Week in Review
The left hates Wal-Mart. Because they are nonunion. And their low prices make it difficult for small mom & pop shops to stay in business charging their customers higher prices. But being nonunion lets them hire more people. And their low prices allow people to buy more with their paychecks. Good things. Yet the left hates Wal-Mart. Because they would rather have union jobs even if it means fewer jobs. And higher prices. Despite Wal-Mart being the best thing for the middle class since General Motors (see Walmart and the middle class, sinking together by Rick Newman posted 2/21/2014 on Yahoo! Finance).
It was once General Motors (GM) whose fortunes reflected those of the middle-class Americans who bought its products. Now, that bellwether Goliath is Walmart (WMT)…
A chronically weak job market is pinching lower-income consumers — some of whom can’t even afford to shop at Walmart anymore.
The digital revolution has left Walmart at a disadvantage against etailers such as Amazon (AMZN), which has 7 times’ Walmart’s online revenue, and a much smaller physical footprint to manage.
With Walmart tied so closely to the fortunes lower-middle-class Americans, it’s no exaggeration to say that, as goes Walmart, so goes America. And vice versa…
A century ago, Henry Ford famously doubled the pay of his workers — to $5 per day — to reduce turnover and make his production lines more efficient. That move had the added benefit of raising living standards for Ford workers and helping establish the modern middle class.
Even though Walmart is the nation’s largest employer — with 1.3 million U.S. workers — it seems highly unlikely it could achieve anything similar to what Henry Ford did. Global competition gives retailers little room to raise costs without giving away pricing advantages. And fading demand for lesser-skilled workers lacking a college degree leaves few companies with a real incentive to raise wages, aside from earning a bit of public goodwill. Before Henry Ford doubled wages, his workers often left for other blue-collar jobs in a booming industrial economy. Most Walmart workers lack such options.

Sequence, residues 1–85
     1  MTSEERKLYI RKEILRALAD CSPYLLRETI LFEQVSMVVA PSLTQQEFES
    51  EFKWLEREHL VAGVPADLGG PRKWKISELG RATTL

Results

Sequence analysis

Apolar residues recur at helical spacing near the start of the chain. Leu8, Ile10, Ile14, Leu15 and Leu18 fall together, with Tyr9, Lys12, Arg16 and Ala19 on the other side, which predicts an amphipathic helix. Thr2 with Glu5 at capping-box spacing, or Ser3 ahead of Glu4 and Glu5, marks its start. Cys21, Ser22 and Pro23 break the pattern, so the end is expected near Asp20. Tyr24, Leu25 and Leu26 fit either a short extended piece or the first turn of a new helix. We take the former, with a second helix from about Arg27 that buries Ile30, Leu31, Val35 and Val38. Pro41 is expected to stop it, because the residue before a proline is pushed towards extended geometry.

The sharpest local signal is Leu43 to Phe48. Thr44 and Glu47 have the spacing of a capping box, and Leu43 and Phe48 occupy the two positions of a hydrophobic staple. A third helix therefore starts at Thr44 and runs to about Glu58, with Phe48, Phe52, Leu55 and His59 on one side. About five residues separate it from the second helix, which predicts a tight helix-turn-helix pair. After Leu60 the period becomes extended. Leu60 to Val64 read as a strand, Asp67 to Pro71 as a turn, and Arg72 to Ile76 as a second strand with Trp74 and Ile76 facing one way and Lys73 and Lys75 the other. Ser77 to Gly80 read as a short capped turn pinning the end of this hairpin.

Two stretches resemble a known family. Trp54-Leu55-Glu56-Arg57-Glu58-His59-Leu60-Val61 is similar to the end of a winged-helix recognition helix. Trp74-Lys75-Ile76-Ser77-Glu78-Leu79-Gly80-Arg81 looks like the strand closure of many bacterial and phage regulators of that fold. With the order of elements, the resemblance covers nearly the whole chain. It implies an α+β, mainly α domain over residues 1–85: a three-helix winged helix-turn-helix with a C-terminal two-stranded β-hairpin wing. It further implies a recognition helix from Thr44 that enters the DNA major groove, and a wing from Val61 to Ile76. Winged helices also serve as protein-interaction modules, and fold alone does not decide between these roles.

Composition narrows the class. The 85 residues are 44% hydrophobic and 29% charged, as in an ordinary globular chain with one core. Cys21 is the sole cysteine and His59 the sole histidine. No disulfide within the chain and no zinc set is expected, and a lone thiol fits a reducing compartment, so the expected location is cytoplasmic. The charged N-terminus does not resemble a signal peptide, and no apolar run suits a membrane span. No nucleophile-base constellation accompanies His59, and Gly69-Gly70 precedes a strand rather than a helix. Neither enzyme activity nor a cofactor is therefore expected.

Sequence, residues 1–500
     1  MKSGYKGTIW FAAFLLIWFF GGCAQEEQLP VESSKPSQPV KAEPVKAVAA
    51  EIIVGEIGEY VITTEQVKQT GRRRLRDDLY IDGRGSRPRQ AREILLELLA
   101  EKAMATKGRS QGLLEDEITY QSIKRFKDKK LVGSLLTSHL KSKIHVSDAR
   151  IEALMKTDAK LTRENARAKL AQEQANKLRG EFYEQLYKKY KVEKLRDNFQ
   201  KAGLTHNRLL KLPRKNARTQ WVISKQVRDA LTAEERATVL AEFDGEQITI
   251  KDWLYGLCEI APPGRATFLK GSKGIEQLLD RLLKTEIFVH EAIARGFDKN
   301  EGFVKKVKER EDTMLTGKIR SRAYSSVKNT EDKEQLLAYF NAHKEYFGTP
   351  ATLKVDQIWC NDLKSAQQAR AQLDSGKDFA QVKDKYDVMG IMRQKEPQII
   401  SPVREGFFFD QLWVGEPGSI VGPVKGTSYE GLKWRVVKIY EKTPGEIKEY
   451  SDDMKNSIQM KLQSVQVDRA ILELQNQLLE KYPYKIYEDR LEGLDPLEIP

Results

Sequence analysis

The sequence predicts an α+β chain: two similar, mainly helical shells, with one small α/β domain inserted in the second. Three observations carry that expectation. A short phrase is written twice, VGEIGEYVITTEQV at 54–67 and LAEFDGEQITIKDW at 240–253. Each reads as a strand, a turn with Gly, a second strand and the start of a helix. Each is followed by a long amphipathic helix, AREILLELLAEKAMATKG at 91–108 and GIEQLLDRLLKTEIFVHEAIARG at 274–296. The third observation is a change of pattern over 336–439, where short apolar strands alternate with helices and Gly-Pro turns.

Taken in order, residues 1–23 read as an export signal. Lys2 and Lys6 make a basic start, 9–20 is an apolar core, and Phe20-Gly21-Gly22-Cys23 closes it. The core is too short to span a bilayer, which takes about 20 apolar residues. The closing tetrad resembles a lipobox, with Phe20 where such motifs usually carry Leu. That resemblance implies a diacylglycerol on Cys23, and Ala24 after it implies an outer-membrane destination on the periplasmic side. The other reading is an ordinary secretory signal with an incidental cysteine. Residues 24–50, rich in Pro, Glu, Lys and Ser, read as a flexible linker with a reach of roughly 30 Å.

Amazon is nonunion, too. But Amazon founder, Jeff Bezos, donated $2.5 million to support gay marriage in Washington State. Donates primarily to Democrat candidates. And supports an Internet sales tax (see What Are Jeff Bezos’s Political Leanings, and How Might They Shape the Washington Post? by David A. Graham, The Atlantic, posted 8/5/2013 on the National Journal). So there are things the left likes about Amazon. But they only have about 100,000 employees to Wal-Mart’s 2.2 million. Which is why the left has an all out assault on Wal-Mart. Because they want to unionize those 2.2 million. For 2.2 million people would provide a lot of union dues.
Unionization or a higher minimum wage does not build a strong middle class. A strong economy does. That’s what helped Henry Ford raise his wages. To keep his best workers from quitting so they could take higher paying jobs elsewhere. Which is how people earn more money. When an economy is so robust that there are more jobs than people to fill them. Requiring employers to pay more to attract workers. Not by forcing employers to pay more. Especially during a weak economy. When a business’ margins couldn’t be thinner. Leaving them unable to raise wages without cutting workers. Which the left will be glad to see. Lost jobs. As long as those remaining are union jobs.
Tags: Amazon, economy, Ford, General Motors, Henry Ford, low prices, middle class, nonunion, union jobs, wages, Wal-Mart
The Unemployment Rate is 13.6% when you count all Unemployed Workers